news | Crime | Retro

'America's Most Wanted' Started With A Father's Quest To Solve His Own Son's Murder Case

CBS News / Fox

Very few TV shows manage to make a real impact on the world, but there's no denying that America's Most Wanted did.

For more than 25 seasons, host John Walsh shared stories about our country's most dangerous fugitives, urging viewers with helpful information to call a special hotline.

Tips from the show's viewers helped catch more than 1,000 criminals, including over a dozen from the FBI's Most Wanted list.

But very few of the show's fans realized that Walsh was trying to solve a murder case in his own family, a cold case that baffled police for decades.

The story begins in 1981, at a department store in Hollywood, Florida, where Walsh's wife, Revé, and their six-year-old son, Adam, were shopping.

Revé took her eyes off Adam for just a few moments to look in a different aisle, and when she returned the boy was gone.

Police were called, teams of men with dogs searched the area, and even a helicopter looked for signs of Adam, but he had vanished without a trace.

It was two weeks before Adam's remains - only a severed head - were found in a nearby canal.

The case was heartbreaking, and it drew national attention. But even though there were no leads on Adam's killer, Walsh and his wife were determined to get justice for their little boy.

Just days after his funeral, they began campaigning to change the way police investigate missing children's cases.

John and Revé in a 1981 file photo.Miami Herald

Their efforts led to the passing of the Missing Children's Act and the founding of the National Center for Missing and Exploited Children, which introduced the famous missing children ads on the sides of milk cartons.

The couple became associated with unsolved crimes and the hunt for missing children, which is why Walsh was picked to host America's Most Wanted in 1988.

The show became just another part of Walsh's search for justice, but he admits that interviewing parents with their own missing and murdered children was hard for him.

"I'll always be the parent of a murdered child," Walsh explained in a Nightline interview in 2009.

"Adam will always be in my mind. Your heart is broken. It doesn't matter if it was six months ago or 27 years ago. Your heart is broken. People deal with it differently. Some descend into hell in different ways and you live in that hell."

But after decades of waiting and praying, Walsh and his wife finally received the justice they had been praying for.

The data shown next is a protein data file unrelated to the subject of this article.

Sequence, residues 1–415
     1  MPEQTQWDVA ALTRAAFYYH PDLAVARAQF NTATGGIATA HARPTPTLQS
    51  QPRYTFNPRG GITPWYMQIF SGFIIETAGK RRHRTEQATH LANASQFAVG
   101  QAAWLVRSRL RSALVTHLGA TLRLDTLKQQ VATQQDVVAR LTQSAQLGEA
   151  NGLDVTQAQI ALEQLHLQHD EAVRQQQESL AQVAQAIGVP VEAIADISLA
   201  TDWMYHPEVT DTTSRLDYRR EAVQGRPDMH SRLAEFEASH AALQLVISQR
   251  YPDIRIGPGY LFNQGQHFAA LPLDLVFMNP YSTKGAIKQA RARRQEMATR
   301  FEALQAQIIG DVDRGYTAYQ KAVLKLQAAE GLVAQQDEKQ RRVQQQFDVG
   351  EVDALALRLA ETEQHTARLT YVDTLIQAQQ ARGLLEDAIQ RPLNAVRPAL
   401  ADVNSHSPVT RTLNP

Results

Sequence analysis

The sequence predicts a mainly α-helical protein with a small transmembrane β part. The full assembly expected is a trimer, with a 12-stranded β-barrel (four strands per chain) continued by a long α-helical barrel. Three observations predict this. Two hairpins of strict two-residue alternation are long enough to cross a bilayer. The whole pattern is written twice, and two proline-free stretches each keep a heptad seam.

One of the lead suspects in Adam's disappearance was convicted serial killer and pedophile Ottis Toole.

Toole and his partner in crime, serial killer Henry Lee Lucas, had falsely admitted to hundreds of crimes, so Hollywood police didn't take his claims very seriously in 1983.

As the years went on, it became obvious that Toole was the only likely suspect for the murder, and he confessed to the killing again just days before his death in 1996.

The Hollywood Police Department later announced that Toole was almost certainly the murderer, and apologized to Walsh for "investigative mistakes that transpired during the early years of this investigation," but the TV host wasn't interested in pointing fingers.

"Who could take a six-year-old and murder and decapitate him? Who?" he asked at a news conference about the case in 2008.

"We needed to know. We needed to know. And today we know. The not knowing has been a torture, but that journey's over."

Miami Herald / Jacksonville Police Department

Officially ending the murder case brought closure to Walsh and his wife in another, heartbreaking way.

Because Adam's head was evidence in a capital murder trial, police had been unable to release his remains to his parents for 27 years.

Today, Walsh is still helping victims find justice on his latest TV show, CNN's The Hunt.

He says that as long as there are grieving parents and family members like him, he'll keep fighting to raise awareness for their unsolved cases. And he hopes Adam would be proud of what he's accomplished.

"I think wherever he is, he is [proud,]" Walsh told Nightline. "I don't know, I hope so. I loved that little boy."

Did you know about his tragic family history?

[H/T: Nightline, Time, Uproxx, NBC News]